Before I saw these things in the Bible, C. S. Lewis snagged me when I wasn’t looking. I was standing in Vroman’s Bookstore on Colorado Avenue in Pasadena, California, in the fall of 1968. I picked up a thin blue copy of Lewis’s book The Weight of Glory. The first page changed my life.
If there lurks in most modern minds the notion that to desire our own good and earnestly to hope for the enjoyment of it is a bad thing, I submit that this notion has crept in from Kant and the Stoics and is no part of the Christian faith. Indeed, if we consider the unblushing promises of reward and the staggering nature of the rewards promised in the Gospels, it would seem that our Lord finds our desires not too strong, but too weak. We are halfhearted creatures, fooling about with drink and sex and ambition when infinite joy is offered us, like an ignorant child who wants to go on making mud pies in a slum because he cannot imagine what is meant by the offer of a holiday at the sea. We are far too easily pleased.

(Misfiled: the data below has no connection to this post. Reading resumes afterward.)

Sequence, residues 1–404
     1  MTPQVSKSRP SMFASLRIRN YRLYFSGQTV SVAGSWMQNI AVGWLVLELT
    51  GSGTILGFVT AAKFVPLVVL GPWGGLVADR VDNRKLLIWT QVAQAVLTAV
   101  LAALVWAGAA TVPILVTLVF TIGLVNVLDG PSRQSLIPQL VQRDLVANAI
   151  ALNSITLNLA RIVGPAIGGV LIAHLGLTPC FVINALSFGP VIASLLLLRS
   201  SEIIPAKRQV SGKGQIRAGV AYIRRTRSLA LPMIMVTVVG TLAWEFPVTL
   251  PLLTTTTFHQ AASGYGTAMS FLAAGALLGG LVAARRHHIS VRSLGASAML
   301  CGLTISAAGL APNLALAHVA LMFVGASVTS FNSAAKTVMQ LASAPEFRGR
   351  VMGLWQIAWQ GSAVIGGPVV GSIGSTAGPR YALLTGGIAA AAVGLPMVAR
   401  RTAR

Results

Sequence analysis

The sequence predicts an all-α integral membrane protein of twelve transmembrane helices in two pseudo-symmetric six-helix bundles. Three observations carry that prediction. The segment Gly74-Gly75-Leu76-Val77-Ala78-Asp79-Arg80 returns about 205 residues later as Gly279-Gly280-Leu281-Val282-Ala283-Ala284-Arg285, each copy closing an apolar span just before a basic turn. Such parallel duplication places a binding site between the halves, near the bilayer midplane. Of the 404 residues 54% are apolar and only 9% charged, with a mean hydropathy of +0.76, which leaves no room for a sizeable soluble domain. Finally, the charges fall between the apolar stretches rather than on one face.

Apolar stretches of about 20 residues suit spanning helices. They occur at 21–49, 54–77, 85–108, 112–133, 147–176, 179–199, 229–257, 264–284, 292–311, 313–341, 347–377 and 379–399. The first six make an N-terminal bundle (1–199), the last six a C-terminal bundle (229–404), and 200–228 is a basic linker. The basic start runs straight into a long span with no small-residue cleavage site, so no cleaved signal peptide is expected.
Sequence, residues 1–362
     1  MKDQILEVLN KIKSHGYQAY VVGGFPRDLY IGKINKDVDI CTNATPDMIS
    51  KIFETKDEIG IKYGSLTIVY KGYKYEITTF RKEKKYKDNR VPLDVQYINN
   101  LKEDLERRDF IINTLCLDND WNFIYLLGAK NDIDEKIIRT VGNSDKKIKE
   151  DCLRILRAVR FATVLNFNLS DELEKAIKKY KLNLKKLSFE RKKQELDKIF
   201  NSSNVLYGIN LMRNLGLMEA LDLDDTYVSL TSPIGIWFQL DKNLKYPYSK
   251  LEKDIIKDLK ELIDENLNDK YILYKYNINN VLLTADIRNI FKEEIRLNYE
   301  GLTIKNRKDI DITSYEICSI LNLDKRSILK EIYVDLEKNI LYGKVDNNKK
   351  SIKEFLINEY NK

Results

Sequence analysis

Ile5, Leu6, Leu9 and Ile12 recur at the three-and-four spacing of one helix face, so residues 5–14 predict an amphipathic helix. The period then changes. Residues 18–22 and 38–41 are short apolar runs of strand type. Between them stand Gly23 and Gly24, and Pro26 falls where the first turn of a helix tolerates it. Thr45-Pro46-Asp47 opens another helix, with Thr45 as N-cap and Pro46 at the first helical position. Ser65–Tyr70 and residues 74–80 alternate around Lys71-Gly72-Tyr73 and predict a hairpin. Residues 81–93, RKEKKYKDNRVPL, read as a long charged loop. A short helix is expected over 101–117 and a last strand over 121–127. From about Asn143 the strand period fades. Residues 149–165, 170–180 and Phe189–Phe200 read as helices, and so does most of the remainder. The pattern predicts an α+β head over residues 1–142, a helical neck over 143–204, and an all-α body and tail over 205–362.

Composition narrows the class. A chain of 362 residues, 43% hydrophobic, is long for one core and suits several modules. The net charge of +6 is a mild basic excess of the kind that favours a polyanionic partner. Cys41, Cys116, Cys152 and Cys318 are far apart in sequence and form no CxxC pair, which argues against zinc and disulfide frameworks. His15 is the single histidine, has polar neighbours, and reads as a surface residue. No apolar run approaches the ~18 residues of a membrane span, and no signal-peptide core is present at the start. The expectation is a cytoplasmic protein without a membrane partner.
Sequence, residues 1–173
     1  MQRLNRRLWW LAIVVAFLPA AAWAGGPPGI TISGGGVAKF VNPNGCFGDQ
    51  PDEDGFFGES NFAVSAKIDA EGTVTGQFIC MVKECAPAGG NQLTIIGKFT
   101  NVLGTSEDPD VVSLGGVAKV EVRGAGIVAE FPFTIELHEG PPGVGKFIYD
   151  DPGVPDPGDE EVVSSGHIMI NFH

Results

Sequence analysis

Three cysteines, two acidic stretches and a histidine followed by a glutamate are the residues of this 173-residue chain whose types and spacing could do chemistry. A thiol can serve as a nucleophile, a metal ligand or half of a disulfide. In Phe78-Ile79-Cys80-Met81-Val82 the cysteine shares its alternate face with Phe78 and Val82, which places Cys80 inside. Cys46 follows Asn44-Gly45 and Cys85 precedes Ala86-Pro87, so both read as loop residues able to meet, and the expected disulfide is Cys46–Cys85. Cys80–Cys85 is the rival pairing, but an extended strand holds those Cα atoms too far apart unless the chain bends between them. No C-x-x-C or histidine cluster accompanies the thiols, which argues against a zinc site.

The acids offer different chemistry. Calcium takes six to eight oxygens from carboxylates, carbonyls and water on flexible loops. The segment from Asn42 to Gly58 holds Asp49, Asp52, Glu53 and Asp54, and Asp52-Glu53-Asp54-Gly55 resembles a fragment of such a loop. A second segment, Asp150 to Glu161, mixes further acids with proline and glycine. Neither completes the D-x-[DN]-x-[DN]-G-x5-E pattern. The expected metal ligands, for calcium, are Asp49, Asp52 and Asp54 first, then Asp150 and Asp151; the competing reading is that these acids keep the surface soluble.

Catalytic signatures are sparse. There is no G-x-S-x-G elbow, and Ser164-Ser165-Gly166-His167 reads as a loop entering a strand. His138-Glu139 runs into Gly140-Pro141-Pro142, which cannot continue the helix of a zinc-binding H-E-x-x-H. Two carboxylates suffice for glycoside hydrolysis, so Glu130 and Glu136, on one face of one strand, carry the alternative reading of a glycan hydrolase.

Never in my life had I heard anyone say that the problem with the world was not the intensity of our pursuit of happiness, but the weakness of it. Everything in me shouted, Yes! That’s it! There it was in black and white, and to my mind it was totally compelling: The great problem with human beings is that we are far too easily pleased. We don’t seek pleasure with nearly the resolve and passion that we should. And so we settle for mud pies of appetite instead of infinite delight.
The Dangerous Duty of Delight.
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